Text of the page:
The planned Galleria 115 development – touted as an important first step to jazzing up College Boulevard – has hit another snag. But the Overland Park City Council remained committed to its incentives for the project after being convinced that the city has nothing to lose if the deal falls through.
A lawsuit filed last week over the closing date of Sprint Corporation land at 115th Street and Nall Avenue was the “thousand pound gorilla in the room,” said Councilmember Dave White, as the council discussed technical additions to an agreement that would give developer Ken Block a break on sales tax paid on some of the project’s expenses.
The dispute is over the office and retail portion of the 37 acres in the project. According to published reports Block and Sprint disagreed over what types of businesses could locate in the development. The suit asked for a delay in the closing deadline.
The deal is still in negotiations, said John Petersen, lawyer for the developer. “There is every intention of this party to move forward and close on that ground,” he told a council committee.
Council members previously got behind the Galleria project in hopes that it will bring some night life and retail to the area around the convention center. The College Boulevard corridor suffers from fast-moving traffic and pedestrian-unfriendly atmosphere, according to a recent study commissioned by the city. Getting people out of their cars and into nearby businesses is now one of the city’s top priorities.
The $252 million project would bring multi-family residences, retail and office buildings and a pedestrian walkway to the convention center.
Lawsuit is ‘fly in the ointment’
Councilmember Paul Lyons at first wondered whether the council should delay further action because of the legal dispute. He and some other council members questioned whether the city will end up getting the entertainment area they hope for if Sprint imposes too many restrictions on retail.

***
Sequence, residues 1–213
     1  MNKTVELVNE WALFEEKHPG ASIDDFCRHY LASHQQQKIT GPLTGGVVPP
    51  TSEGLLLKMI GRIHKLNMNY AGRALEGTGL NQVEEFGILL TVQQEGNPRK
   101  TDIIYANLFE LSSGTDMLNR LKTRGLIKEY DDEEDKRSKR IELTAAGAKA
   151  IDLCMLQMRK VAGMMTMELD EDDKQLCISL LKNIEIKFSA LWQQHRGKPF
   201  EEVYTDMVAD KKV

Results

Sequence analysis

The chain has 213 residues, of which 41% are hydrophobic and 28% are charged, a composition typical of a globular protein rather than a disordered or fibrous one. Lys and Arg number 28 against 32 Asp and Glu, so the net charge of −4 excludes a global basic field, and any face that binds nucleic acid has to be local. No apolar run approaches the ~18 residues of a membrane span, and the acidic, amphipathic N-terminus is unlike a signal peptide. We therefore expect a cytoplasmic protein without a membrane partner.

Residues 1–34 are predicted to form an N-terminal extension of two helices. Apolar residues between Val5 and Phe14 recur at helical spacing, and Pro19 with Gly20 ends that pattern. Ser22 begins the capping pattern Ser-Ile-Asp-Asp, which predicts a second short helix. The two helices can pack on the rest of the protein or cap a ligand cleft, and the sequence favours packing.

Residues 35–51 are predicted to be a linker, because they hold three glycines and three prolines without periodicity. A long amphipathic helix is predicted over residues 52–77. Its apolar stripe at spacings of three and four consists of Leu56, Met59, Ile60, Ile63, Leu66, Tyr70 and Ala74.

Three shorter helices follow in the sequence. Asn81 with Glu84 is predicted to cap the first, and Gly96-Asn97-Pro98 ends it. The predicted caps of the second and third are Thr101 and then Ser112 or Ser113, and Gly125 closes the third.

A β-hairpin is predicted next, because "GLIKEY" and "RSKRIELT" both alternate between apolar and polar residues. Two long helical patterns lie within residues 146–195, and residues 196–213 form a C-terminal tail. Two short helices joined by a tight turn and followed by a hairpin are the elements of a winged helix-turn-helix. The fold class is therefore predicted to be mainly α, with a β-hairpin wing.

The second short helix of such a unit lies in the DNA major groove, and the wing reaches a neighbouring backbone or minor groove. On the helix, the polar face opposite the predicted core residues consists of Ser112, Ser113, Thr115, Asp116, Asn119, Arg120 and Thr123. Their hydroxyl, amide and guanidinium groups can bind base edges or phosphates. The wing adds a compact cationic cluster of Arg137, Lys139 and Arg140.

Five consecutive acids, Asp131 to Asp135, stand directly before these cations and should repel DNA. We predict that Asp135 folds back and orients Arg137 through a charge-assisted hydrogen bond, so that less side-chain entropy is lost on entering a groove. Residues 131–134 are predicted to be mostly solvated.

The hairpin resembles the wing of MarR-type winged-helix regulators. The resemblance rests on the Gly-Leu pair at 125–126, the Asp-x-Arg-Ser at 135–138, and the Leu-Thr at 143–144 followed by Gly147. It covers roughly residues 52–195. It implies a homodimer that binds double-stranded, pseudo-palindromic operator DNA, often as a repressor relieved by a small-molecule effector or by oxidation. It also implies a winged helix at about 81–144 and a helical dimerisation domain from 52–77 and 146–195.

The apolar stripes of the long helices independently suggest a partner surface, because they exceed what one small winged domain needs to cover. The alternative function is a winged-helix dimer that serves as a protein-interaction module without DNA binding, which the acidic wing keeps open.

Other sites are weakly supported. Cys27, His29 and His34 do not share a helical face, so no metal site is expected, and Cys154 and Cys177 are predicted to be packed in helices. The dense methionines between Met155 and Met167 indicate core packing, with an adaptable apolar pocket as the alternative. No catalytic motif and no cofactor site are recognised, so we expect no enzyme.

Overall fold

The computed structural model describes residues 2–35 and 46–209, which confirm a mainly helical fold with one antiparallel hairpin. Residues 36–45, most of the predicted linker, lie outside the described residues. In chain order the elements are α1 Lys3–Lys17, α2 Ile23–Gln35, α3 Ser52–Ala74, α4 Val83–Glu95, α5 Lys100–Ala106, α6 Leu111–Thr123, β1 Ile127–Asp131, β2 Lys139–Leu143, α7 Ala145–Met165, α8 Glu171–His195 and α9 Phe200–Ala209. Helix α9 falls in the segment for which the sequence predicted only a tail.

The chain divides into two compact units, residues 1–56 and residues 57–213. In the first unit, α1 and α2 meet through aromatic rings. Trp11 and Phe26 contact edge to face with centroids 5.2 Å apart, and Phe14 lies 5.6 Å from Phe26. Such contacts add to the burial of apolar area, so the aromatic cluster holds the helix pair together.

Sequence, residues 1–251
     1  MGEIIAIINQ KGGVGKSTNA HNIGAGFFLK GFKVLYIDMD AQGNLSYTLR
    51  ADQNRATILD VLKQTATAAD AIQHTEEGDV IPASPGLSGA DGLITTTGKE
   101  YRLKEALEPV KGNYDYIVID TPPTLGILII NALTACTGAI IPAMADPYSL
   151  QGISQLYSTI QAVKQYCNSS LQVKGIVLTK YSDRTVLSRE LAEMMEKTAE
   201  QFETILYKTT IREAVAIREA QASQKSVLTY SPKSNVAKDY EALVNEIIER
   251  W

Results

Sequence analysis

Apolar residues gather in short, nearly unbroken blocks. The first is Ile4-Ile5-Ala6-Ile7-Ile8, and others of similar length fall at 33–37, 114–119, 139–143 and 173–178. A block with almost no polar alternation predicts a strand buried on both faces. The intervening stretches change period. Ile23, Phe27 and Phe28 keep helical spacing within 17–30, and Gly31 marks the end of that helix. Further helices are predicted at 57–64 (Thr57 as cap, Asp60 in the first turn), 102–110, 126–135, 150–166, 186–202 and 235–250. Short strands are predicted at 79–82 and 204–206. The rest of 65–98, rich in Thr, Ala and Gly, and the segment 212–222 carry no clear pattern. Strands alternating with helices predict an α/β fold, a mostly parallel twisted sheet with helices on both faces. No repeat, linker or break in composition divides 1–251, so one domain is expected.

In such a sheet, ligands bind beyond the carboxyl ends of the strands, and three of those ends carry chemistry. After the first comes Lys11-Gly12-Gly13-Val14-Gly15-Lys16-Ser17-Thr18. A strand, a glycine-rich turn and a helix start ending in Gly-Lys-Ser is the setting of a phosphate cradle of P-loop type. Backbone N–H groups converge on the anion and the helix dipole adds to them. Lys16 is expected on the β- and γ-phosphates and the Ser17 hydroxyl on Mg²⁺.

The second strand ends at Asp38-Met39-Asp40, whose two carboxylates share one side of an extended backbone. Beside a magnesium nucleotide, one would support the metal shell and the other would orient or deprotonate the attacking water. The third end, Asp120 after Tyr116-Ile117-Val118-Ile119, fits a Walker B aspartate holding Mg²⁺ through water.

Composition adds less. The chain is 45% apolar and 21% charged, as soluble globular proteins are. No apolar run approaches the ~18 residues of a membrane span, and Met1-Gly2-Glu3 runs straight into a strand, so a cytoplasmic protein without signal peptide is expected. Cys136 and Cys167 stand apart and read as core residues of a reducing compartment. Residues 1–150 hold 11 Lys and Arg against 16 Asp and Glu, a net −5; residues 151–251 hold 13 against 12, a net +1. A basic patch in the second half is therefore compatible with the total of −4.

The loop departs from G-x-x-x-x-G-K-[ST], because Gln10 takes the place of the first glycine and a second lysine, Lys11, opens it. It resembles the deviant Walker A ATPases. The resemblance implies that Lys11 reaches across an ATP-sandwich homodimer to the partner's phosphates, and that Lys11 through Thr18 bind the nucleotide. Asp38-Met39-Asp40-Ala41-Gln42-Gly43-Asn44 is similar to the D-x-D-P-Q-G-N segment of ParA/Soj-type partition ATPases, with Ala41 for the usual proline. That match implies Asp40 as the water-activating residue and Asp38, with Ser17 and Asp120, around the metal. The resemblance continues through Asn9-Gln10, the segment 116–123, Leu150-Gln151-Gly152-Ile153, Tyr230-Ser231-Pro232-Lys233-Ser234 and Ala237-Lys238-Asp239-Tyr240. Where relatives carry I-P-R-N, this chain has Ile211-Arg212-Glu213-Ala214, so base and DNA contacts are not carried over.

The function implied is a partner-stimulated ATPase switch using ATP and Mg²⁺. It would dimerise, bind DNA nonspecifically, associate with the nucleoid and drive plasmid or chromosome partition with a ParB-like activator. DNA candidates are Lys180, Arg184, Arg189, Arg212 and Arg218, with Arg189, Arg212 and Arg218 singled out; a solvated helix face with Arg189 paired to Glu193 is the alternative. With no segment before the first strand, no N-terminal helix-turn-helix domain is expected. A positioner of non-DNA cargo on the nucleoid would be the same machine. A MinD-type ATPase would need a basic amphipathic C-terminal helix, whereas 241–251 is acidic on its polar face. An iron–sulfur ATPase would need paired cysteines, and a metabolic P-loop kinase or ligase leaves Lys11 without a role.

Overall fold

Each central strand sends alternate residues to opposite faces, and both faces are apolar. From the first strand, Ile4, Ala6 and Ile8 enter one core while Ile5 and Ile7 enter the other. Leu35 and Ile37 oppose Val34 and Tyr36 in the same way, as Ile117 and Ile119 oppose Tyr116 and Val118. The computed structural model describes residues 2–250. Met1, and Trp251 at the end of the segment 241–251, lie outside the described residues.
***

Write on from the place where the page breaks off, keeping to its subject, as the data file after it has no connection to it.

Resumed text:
“I want to try to avoid a situation where we end up providing incentives for something we really weren’t that particularly interested in,” he said.
But Petersen said the issue is about office use, not retail or entertainment. Once the sale goes through, the developer is bound to build the agreed-upon plan or lose tax incentives that make the development feasible, he said. The retail is also a must for the developer to collect a special sales tax in the area for development costs.
In the end, council members said they were comfortable with his explanation.
“The fly in the ointment is the lawsuit,” said Councilmember Rick Collins. “But regardless of what happens with that lawsuit, the city is still protected.”
They voted unanimously, with Councilmember Jim Kite abstaining, to go ahead with a change that allows the developer to start building the multi-family phase on land Block already owns. The change is intended to save the company time once an agreement is reached with Sprint.
This was the second major snag for the development. Just three weeks ago, Galleria developers asked for and received a big increase in the sales tax money they can collect from the Community Improvement District in the retail part of the project. The council approved a 1.5 percent sales tax, allowing developers $35.6 million in sales tax revenue.
Originally, the development was to have been a joint venture, with Block doing the residential part and a Dallas-based company doing the retail and office. But Block decided to take over the entire thing after that company dropped out.
After that, the estimated project cost went up – partly because Block upgraded the plans with parking garages and partly because the original estimates were too low given the rocky ground, company officials said.